(Pocket-lint) - TVs featuring the Fire TV interface have been around in the US for some months now and Amazon has decided that now is the time to bring the idea to the UK and other parts of Europe.
Amazon is using the same idea it did in the US - teaming up with a traditional retailer to shift boxes through stores as well as online. In the US it was Best Buy, in the UK it's Currys PC World through its parent company Dixons Carphone.
Amazon reasons that people want to see TVs in the flesh when they buy and so getting some retail presence makes strategic sense when it doesn't have stores of its own. And, of course, it hopes that the Fire TV brand will make these TVs stand out from the crowd.
Currys PC World has chosen to use a brand for the TV that it has the UK rights to - JVC. TV brands are a mess of different companies and deals but obviously Currys feels there's still enough recognition of the JVC brand in the UK.
The Fire TV Edition 4K Smart LED Freeview HD TV with HDR is available in three models - 40-inch at £349, 49-inch at £399 and 55-inch for £499. As you'll note from those prices and screen sizes, the range is aimed at the mainstream rather than the premium TV market.
We had a demonstration of the 55-inch model during Amazon's Fire TV event in Berlin during IFA 2019. We need to note at this point that the TV was a model featuring pre-release software and it especially didn't work well with live TV.
While the Fire TV elements worked OK, the live TV element was very pre-production so we can't give you any kind of verdict as to what this TV would be like if you used it for all your viewing. We can, however, give you an impression of what it would be like.
As we weren't in the UK at the demonstration, the Freeview channels didn't work and so canned TV footage was used to give the impression of live TV.
The live TV part of the experience works in exactly the same way as any other Freeview HD TV - the Fire TV interface gives way to the Freeview guide. However, that's not to say that there's no integration of Live TV into the Fire TV interface - channels you regularly watch are added to recently watched stuff on the home screen. You can also, obviously, easily switch inputs, too - you can see that in the pic above.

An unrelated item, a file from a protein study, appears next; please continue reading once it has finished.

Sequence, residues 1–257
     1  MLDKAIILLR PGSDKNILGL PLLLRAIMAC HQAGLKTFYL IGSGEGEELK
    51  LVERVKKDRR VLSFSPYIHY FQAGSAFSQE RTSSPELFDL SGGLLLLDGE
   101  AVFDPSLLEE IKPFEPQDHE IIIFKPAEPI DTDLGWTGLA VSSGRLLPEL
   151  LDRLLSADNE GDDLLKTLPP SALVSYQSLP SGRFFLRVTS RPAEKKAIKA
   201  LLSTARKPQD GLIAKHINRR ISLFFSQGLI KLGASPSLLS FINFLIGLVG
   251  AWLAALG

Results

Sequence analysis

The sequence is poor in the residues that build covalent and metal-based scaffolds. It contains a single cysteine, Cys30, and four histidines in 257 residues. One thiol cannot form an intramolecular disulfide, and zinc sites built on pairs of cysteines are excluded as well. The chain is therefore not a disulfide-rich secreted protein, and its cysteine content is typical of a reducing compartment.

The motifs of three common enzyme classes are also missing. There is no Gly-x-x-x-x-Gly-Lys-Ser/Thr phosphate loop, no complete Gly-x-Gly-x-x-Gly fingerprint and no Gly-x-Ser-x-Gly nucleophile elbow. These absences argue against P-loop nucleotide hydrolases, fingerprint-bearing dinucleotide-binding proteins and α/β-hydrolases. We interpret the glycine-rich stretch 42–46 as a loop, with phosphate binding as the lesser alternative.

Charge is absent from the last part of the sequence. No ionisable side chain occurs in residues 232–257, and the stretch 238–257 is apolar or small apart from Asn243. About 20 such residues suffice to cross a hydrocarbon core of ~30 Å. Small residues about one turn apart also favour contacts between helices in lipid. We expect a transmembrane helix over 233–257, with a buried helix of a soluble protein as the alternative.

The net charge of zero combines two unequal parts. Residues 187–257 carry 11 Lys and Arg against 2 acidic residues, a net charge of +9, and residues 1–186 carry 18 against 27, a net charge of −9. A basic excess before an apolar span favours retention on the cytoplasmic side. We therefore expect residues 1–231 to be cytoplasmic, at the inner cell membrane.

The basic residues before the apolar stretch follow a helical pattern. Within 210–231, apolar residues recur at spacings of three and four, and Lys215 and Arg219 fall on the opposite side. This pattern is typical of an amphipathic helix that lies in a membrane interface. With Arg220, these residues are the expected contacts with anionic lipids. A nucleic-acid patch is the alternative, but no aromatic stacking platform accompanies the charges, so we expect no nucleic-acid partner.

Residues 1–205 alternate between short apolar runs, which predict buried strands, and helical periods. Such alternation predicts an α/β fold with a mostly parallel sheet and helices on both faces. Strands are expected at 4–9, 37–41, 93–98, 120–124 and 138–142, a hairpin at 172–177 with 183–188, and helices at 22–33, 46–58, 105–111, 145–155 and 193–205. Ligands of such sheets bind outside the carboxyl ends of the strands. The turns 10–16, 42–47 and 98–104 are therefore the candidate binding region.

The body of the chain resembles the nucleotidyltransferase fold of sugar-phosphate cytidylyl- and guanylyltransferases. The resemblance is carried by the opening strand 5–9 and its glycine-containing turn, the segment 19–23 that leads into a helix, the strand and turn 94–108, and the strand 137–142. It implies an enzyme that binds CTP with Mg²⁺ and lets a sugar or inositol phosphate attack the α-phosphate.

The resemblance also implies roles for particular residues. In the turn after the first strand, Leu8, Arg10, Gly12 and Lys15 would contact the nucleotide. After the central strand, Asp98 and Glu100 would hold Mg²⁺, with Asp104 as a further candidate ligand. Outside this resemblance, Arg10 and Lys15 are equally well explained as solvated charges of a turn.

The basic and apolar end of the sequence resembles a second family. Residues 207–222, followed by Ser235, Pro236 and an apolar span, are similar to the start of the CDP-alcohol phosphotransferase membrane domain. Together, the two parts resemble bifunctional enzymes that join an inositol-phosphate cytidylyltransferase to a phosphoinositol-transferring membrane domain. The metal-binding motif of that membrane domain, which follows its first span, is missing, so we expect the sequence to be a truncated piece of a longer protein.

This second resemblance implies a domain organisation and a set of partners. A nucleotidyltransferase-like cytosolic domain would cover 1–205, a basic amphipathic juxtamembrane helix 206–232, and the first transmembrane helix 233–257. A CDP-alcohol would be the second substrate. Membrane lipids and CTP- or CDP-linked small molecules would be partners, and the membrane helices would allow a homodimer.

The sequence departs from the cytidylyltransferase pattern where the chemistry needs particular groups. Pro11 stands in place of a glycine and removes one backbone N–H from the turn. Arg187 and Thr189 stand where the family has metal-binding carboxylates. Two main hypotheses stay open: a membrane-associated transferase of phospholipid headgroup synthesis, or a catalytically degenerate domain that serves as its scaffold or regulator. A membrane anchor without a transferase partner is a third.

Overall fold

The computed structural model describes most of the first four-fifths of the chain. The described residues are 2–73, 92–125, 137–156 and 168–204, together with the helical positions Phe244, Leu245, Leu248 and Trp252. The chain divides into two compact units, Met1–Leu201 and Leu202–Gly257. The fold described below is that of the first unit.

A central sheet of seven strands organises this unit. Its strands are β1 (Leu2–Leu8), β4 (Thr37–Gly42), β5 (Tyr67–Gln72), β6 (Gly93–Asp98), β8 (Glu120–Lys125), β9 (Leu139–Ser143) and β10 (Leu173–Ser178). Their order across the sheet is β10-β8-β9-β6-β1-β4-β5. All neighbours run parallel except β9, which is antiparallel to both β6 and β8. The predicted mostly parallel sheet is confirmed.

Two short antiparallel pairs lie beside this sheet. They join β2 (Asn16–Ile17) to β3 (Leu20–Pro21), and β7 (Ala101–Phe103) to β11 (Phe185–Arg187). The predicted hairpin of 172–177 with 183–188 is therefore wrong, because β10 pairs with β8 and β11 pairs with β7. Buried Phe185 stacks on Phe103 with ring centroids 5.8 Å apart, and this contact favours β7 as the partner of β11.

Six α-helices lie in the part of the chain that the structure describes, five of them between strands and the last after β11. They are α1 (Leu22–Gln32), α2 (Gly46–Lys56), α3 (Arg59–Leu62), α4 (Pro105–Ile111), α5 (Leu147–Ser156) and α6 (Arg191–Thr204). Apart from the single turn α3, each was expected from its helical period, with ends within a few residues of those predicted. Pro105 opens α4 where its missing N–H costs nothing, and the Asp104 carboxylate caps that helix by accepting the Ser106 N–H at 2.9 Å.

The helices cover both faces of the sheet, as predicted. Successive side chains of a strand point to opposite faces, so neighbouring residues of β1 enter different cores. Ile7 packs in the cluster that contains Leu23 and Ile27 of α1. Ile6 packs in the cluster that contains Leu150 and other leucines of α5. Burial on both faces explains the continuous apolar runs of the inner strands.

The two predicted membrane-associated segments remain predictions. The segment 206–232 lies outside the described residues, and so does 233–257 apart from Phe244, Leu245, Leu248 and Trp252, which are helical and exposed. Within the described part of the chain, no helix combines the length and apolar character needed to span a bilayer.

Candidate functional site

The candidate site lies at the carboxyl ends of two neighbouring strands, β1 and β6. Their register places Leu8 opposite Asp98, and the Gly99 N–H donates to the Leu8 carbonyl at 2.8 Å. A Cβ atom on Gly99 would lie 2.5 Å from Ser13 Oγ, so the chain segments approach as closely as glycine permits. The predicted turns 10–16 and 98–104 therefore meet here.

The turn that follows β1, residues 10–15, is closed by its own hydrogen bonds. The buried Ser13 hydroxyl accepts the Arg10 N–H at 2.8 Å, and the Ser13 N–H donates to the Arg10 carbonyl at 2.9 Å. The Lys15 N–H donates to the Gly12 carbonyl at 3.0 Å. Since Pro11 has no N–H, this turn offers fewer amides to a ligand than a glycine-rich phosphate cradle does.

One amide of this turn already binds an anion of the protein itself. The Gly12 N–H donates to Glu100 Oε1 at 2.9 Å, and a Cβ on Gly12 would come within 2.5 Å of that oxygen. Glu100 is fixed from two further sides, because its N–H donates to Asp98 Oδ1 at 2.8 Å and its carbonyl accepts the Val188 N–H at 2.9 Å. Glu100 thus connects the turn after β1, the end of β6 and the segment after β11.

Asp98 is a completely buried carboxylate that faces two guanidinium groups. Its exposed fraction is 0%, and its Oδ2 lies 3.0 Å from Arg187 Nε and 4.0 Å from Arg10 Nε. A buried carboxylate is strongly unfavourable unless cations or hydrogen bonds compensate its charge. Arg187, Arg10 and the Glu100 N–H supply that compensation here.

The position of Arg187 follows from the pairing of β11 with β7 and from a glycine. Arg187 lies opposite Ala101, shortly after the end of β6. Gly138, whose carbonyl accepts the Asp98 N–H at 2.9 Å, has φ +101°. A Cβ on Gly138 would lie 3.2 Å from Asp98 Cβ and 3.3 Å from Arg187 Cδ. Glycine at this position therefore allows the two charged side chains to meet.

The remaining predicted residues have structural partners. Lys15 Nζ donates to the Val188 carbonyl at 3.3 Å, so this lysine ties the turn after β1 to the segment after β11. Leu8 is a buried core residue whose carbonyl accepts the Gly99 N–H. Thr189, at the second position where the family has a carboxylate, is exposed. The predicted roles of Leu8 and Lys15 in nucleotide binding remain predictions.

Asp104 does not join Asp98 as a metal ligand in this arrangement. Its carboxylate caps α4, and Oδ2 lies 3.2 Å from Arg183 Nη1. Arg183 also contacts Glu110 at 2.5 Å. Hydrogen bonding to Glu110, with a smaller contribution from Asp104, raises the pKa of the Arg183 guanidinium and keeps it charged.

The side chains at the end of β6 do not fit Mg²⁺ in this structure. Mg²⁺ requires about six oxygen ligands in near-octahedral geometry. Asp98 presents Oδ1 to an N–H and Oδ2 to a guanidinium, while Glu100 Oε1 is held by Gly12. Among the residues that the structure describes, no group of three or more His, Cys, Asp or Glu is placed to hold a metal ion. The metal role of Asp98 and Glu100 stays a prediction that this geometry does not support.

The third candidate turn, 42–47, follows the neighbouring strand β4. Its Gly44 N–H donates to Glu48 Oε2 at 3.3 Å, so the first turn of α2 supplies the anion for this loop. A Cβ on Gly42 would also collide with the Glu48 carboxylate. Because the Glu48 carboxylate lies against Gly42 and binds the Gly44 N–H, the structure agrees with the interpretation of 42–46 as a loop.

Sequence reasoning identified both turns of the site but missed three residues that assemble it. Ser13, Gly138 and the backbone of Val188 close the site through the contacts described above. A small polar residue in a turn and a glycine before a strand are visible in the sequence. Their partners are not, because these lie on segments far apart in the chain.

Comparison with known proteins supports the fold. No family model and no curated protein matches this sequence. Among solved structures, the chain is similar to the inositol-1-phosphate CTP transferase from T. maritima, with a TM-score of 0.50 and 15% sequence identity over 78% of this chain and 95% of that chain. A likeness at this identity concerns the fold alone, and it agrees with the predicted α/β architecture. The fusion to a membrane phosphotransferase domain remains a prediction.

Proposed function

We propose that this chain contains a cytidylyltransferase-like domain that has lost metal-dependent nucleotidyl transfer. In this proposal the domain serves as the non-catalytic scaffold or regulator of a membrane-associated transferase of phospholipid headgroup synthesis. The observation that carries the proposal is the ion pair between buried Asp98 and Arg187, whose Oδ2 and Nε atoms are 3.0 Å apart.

Naturally, the TV has Alexa built-in, but you need to use the voice remote. Amazon's endgame is that there are far-field mics built into the TV itself, but that's not been integrated here. Of course, you can use Alexa in all the ways you can in other places, playing music, looking up the weather and managing other smart devices.
Design-wise, the TV has a reasonably thin black bezel that you'd expect at this price point, but it does look a little more plasticky than we'd like. However, this demo took part in a very dark space so it'll be interesting to see what it looks like compared to rivals in store as well as in the home.
We're sure lots of these TVs will be sold. Obviously Amazon will push them, while Currys will work to get them in front of customers - probably backed by a large advertising budget.
It's hard at this stage to say how the TV compares to others on the market, but starting at £349 is a very decent price point for a 4K TV, while the Fire TV interface is always slick.
As well as being available in stores, the JVC Fire TV Edition will be sold on Currys.co.uk and by Currys as a third-party seller on Amazon.co.uk. It'll be available from mid-October and obviously, we'll be updating this review when we see a final unit.